My beautiful and grace-filled wife and I got married last month. The best part of the reception is when you stand back together and watch family and friends intermingling at last, drinking wine and dancing like clowns having a “fun” contest. It was a glimpse into Heaven. And they were angels in up-lighting.
My friends thought the occasion looked good on me, too. Especially the ones I hadn’t seen in a while. And what are you doing with a wife who looks like that? they teased. I stood guilty as charged.
But they were even more struck by the overt Catholicity of the ceremony, held at St. Patrick’s Cathedral in Norwich, Connecticut. I’d converted to Catholicism from atheism in my mid-20s (I’m 39 now). This wasn’t news to anyone, but few expected the faith to take center stage on a day that was ostensibly about my wife and me.
Even those I’d been closest with in recent years were surprised by the lack of subtlety. My social circle had remained secular-liberal following my conversion – I’d never been introduced to the young Catholic scene since my conversion came post-college. And while I lived the faith unselfconsciously, I never pushed my friends’ noses in it. I think (I hope) this earned quiet respect over the years.
I’d overheard enough at parties to know how they felt about Catholicism. I’d certainly seen enough on social media.
But they loved me much more than they hated my religion. Anything good for me was good with them. So they were able to appreciate my faith on a therapeutic level, as if it were no different than if I’d taken up yoga or started a healthier diet. Catholicism was just another item on my personal wellness plan, albeit one they considered mildly distressing.
And so our deeply Catholic wedding was a shock for them, just as it would have been had I gotten married in a yoga studio and given all thanks and praise to the Master Yogi.
“You were always so anxious,” an old friend told me at the reception. “I think religion has been good for you.”
It was true. I was a real fixer-upper before. So I accepted the compliment.
“I knew you’d converted to Catholicism,” said another, “but I didn’t know you were really Catholic,”
“I wasn’t hiding it,” I said.
“But you didn’t walk around with a big cross around your neck or anything,” he said.
“Does the rosary on my rearview mirror count?”
“Whatever,” he said. “You look good. I’m happy for you.” Then he gave me a big hug.
Since entering the Church, I’ve favored the “show-don’t-tell” approach to evangelization. “Preach the Gospel at all times, use words when necessary,” Saint Francis of Assisi supposedly said, though it’s difficult to imagine him speaking in syrupy quips.
It’s a beautiful sentiment, however: that we should aspire to live the Gospel so convincingly as to bypass the need for rational appeal. It’s also deeply impractical (I’m not saintly enough to pull it off) and suspiciously convenient. If we never say who we are, the temptation to lead a double life is too strong.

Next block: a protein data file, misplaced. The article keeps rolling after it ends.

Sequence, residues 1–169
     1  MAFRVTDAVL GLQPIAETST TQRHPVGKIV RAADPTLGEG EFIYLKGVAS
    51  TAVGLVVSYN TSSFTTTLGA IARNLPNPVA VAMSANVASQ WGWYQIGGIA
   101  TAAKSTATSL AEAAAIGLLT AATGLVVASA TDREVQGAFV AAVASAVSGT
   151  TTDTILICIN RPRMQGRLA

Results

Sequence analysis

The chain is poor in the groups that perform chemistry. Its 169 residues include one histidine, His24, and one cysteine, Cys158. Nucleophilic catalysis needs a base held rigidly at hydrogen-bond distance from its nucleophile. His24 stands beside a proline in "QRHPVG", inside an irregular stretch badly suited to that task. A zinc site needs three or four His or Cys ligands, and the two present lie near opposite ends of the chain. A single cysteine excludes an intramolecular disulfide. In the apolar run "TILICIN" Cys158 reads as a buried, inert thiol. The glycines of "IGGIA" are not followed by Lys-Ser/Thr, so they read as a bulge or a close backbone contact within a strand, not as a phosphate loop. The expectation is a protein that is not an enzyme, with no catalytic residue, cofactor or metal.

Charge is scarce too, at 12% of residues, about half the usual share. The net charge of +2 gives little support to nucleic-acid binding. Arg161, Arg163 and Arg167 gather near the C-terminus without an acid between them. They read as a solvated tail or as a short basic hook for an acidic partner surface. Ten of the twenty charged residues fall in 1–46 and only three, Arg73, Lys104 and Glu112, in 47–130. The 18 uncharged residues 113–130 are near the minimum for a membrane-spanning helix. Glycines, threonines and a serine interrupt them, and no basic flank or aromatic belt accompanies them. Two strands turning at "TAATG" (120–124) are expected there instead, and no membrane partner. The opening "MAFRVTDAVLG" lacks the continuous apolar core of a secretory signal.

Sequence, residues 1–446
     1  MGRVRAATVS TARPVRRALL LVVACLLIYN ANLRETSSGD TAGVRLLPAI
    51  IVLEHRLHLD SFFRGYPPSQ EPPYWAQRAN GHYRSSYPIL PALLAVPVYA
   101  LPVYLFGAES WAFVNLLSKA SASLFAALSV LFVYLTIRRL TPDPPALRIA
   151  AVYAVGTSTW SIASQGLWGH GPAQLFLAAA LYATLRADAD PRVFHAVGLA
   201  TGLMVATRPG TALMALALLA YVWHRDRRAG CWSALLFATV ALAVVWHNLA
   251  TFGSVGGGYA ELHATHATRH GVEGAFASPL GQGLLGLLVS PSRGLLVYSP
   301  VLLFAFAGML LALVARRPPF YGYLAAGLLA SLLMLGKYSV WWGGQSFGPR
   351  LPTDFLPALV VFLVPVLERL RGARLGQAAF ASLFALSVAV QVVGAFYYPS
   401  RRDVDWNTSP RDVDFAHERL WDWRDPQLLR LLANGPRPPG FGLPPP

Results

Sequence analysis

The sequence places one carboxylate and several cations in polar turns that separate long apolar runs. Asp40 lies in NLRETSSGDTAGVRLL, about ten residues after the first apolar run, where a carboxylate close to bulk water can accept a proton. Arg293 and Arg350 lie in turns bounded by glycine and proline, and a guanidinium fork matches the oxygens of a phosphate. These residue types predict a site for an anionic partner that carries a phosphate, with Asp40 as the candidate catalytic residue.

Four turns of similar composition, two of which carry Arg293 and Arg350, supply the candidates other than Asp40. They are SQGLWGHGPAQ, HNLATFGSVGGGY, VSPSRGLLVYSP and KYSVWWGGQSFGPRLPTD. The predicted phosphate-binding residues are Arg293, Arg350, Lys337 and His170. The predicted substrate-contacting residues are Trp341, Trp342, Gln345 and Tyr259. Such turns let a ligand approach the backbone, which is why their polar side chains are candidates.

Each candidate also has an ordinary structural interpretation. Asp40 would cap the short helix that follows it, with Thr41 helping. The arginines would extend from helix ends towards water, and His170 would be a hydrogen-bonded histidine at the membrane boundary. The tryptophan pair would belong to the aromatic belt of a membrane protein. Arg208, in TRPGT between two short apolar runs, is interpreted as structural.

The preach-through-example model also enables us to shirk the responsibility of explaining the complexities of our faith. Even communicating the basics – that we were bestowed existence by a Creator Who, like a good parent, both respects our freedom and loves us madly – takes preparation, practice, and effort.
For decades, American Catholics, myself included, have preached-through-example so conscientiously as to render an entire generation functionally illiterate in all things Catholic. The only thing most young people know about the Church is that they hate it.
They assume that by the word “God” we refer to a cosmic Santa Claus who only grants wishes to people who cross themselves before meals. Or to a Freudian projection of wish-fulfillment (unbelief in God more aptly fits this bill for a species inclined toward sin). Or to an updated Odin, one Very Big Being among other Very Big Beings battling in space.
Only last month, popular philosopher Sam Harris attempted to disprove the existence of this particular straw God by pointing out that we can’t see him with advanced telescopes.
People like my friends also have no idea what we mean by “Christ.” They think Jesus – if he existed at all – was an ancient forerunner of the modern social justice warrior (and possibly a zombie, which they think is cool). They also don’t know what differentiates the Catholic Church from Presbyterianism or the Westboro Baptist Church. They couldn’t tell the Holy Spirit from Spirit Airlines.
Why? Because Catholics like me haven’t explained it to them.
Well, no more. It’s time we preach the Gospel and use words more often, especially those of us with many friends and acquaintances in the secular world.
To be clear, I’m not suggesting we begin every conversation with, “Have you heard The Good News?” Nor that we redirect every conversation toward an explication of Christ’s Real Presence in the Eucharist.
But only that we keep a closer lookout for evangelical opportunities as they present themselves. That when the door cracks open in conversation, we help the other swing it open so the light can pour in.
A good place for me to begin would be with a response to my friends’ reaction to my Very Catholic Wedding.
I could explain to them that I don’t practice my faith for therapeutic reasons, though it is healthy. In fact, I don’t practice my faith for any secondary reason, but always as an end in itself. Because dying into the Light is the only rational act. Because every time I think I’ve understood Christ or felt the fullness of His embrace, a new bottom opens up and swallows me under. Because Catholicism is bottomless in its truth and beauty.
But most of all, because I’m in love. And because, inexplicably, the Light is in love with me, too.
Maybe I will tell them that. Maybe I just did.
*Image: The Marriage at Cana by Master of the Catholic Kings, c. 1495/1497 [The MET, New York]